Birdman (or The Unexpected Virtue of Ignorance)

Talents: Michael Keaton, Emma Stone, Edward Norton, Zach Galifianakis, Naomi Watts, Andrea Riseborough. Written by : Alejandro Iñárritu, Nicolás Giacobone, Alexander Dinelaris and Armando Bo. Directed by : Alejandro Iñárritu.

Tiera – Lots to enjoy here. A filmic experiment, it was edited to look like one long take save a few ‘soft’ or subtle transitions to different locations. It’s an effective attempt as it brings you into the story, and keeps you there. This really serves the script as the director and co-writer, recognizing the rather weighty nature of the material, manages to not only maintain viewers attention. What’s keeps us invested is the caliber of acting on display . It was shot quickly, 20 days, that probably helped here. Director Iñárritu gets excellent performances out of his actors especially Micheal Keaton who was throughly used, in a good way, allowing him to shine but not over-shadow his co-stars (apologies on the mixed euphemisms). Not really a fan of the director before this and I would call this as his most coherent work.

Tiere – It’s a familiar story : A down and out __________ (actor) gets one last chance to redeem him / herself by ___________________ (funding / producing/ directing/ writing and starring in a broadway play) therein is a journey of self discovery to acceptance via exorcising psychic ghosts and mending fences with family, friends and colleagues. Inside Hollywood jokes abound, mirrors are held up to the actors and the plight of modern celebrity in general. Cutting or shooting rather, ones nose off to spite their face and in turn spinning personal tragedy into career boost gold. Good dramatic turn from everyone, including favorite Emma Stone with a nice addition to her portfolio here (Oscar nod Yo!) and Ed Norton, love or hate him, he’s always captivating. For the readers among us, this is based on the short-story ‘What We Talk About When We Talk About Love’ by Raymond Carver. Not his first tap on shoulder from Hollywood “So Much Water So Close to Home” and “Tell the Women We’re Going” were adapted for Robert Altman’s 1993 feature film Short Cuts. And for the Broadway crowd there are several clever jabs directed at the theatre housing the play this movie centers around.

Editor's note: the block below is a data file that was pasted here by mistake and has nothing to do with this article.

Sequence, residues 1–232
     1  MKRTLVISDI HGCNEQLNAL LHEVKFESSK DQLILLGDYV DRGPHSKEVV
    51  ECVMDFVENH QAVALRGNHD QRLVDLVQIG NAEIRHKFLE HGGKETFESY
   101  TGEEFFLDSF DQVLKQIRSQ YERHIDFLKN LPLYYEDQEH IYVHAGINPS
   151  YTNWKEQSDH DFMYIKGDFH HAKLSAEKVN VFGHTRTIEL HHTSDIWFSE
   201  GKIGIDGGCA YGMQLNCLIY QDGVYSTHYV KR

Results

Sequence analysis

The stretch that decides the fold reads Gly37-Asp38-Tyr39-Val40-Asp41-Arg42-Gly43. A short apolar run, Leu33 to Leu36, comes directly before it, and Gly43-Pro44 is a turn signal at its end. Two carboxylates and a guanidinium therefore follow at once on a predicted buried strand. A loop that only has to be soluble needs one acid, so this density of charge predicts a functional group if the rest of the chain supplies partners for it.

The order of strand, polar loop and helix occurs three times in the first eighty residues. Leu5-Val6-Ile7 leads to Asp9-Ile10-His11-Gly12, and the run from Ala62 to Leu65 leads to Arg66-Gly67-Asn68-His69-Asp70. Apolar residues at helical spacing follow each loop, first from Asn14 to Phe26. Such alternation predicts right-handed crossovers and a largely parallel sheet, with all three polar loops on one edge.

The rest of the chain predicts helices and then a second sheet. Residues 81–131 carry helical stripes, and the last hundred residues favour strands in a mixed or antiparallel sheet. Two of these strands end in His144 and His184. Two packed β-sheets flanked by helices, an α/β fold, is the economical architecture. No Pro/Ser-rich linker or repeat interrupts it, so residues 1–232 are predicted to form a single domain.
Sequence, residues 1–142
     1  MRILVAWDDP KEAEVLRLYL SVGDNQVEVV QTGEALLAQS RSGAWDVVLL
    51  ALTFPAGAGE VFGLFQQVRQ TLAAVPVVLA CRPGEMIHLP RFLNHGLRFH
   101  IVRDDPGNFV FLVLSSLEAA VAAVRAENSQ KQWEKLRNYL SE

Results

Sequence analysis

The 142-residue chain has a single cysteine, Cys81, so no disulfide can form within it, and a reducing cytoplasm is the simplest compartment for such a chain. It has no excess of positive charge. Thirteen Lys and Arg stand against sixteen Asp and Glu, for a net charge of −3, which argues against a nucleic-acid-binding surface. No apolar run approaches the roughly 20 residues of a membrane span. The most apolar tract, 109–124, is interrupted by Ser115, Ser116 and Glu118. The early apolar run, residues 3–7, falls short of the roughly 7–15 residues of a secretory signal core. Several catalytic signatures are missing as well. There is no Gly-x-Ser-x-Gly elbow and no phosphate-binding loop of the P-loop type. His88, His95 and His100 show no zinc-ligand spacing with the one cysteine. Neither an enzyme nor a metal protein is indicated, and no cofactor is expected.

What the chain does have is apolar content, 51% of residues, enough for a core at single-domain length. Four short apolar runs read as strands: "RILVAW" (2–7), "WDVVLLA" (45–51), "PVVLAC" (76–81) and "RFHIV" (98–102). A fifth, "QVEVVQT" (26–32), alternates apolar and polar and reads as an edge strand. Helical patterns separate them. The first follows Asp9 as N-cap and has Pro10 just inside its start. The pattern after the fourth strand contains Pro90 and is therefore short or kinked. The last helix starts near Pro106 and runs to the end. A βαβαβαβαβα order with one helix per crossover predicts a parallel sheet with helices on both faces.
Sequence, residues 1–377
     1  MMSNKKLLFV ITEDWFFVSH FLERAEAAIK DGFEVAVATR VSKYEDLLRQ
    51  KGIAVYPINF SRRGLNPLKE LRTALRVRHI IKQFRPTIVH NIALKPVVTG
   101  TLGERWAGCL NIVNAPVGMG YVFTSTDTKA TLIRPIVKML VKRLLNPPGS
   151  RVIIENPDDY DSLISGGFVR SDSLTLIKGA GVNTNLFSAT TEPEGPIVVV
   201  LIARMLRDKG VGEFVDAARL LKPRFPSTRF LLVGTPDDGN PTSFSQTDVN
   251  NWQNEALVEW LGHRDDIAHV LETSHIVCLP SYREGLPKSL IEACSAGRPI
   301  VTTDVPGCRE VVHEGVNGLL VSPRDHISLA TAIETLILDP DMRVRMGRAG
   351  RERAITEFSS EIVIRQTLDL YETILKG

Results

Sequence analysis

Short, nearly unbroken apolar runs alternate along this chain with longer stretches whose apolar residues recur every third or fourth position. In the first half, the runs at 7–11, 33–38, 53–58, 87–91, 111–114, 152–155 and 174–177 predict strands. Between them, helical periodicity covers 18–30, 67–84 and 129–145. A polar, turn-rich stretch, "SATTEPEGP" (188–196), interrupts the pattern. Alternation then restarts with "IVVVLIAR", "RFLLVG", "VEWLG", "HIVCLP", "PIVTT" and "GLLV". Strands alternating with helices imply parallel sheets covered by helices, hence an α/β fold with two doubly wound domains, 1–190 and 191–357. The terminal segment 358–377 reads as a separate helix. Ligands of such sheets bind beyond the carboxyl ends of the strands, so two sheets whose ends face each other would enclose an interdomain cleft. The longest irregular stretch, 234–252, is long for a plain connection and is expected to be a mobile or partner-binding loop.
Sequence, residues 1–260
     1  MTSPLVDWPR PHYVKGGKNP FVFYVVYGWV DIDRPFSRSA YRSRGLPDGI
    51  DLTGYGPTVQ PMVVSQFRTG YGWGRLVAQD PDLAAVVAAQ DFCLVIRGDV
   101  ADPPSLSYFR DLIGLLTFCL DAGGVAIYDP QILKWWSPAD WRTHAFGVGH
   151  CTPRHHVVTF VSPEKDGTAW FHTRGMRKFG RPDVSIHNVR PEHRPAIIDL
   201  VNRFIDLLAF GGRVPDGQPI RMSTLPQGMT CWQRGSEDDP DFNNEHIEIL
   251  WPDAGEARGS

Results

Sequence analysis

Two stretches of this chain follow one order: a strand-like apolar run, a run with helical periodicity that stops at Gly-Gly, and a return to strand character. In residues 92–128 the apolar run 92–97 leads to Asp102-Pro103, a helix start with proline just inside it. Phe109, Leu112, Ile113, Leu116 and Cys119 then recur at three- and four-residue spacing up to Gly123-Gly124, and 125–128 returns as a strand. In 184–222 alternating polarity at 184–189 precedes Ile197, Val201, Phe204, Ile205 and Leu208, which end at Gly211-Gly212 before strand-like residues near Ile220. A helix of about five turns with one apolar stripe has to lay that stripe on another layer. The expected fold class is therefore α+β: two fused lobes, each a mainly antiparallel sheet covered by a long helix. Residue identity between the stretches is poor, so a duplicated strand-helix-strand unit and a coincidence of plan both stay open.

Tiero – Despite Super Hero movies currently being big business we get an insight into the curse it could be seen as. We get a simplified but respectful look into the psyche of an actor famous for playing a super hero. Throughout the film, Micheal Keaton is spurred on by this foul-mouthed alter ego resulting in some ‘real super powers’ on display culminating in a cool action sequence right out of said movies. Also some scantily clad famous bodies along with some sexual stuff smattered throughout. Last by not least there’s Zach Galifianakis, the familiar and beloved(?) general goof ball, dirt bag buffoon. At first I was ‘oh no’ it’s that guy but he was surprisingly steady in this, it’s a legitimate acting performance and it’s impressive, really, to see him nail a mature gig. Not sure if that’s good or bad as it lacks his usual ridiculousness but you do realize he is an actual actor not just a reactor.